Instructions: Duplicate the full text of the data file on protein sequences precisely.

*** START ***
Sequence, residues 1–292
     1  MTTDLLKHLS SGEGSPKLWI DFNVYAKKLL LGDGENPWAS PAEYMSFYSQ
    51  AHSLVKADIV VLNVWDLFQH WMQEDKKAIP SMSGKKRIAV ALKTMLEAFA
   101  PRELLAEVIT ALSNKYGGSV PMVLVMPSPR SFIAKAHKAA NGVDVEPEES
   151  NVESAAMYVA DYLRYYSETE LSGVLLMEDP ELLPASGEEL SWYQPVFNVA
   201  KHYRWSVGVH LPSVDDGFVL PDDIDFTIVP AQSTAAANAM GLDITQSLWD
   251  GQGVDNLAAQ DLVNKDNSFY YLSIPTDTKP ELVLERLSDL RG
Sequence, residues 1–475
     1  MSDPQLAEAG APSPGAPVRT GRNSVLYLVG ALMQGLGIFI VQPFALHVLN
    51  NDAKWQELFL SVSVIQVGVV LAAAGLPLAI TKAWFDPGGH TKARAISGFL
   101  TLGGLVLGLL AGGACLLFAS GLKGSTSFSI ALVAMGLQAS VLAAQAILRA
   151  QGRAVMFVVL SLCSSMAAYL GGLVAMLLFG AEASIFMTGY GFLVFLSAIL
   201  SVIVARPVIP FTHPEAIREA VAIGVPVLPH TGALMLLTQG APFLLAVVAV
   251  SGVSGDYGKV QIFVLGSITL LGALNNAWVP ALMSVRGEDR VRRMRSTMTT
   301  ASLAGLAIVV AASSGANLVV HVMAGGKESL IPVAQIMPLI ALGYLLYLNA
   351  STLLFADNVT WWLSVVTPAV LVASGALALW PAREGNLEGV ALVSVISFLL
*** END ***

Sequence, residues 1–292
     1  MTTDLLKHLS SGEGSPKLWI DFNVYAKKLL LGDGENPWAS PAEYMSFYSQ
    51  AHSLVKADIV VLNVWDLFQH WMQEDKKAIP SMSGKKRIAV ALKTMLEAFA
   101  PRELLAEVIT ALSNKYGGSV PMVLVMPSPR SFIAKAHKAA NGVDVEPEES
   151  NVESAAMYVA DYLRYYSETE LSGVLLMEDP ELLPASGEEL SWYQPVFNVA
   201  KHYRWSVGVH LPSVDDGFVL PDDIDFTIVP AQSTAAANAM GLDITQSLWD
   251  GQGVDNLAAQ DLVNKDNSFY YLSIPTDTKP ELVLERLSDL RG
Sequence, residues 1–475
     1  MSDPQLAEAG APSPGAPVRT GRNSVLYLVG ALMQGLGIFI VQPFALHVLN
    51  NDAKWQELFL SVSVIQVGVV LAAAGLPLAI TKAWFDPGGH TKARAISGFL
   101  TLGGLVLGLL AGGACLLFAS GLKGSTSFSI ALVAMGLQAS VLAAQAILRA
   151  QGRAVMFVVL SLCSSMAAYL GGLVAMLLFG AEASIFMTGY GFLVFLSAIL
   201  SVIVARPVIP FTHPEAIREA VAIGVPVLPH TGALMLLTQG APFLLAVVAV
   251  SGVSGDYGKV QIFVLGSITL LGALNNAWVP ALMSVRGEDR VRRMRSTMTT
   301  ASLAGLAIVV AASSGANLVV HVMAGGKESL IPVAQIMPLI ALGYLLYLNA
   351  STLLFADNVT WWLSVVTPAV LVASGALALW PAREGNLEGV ALVSVISFLL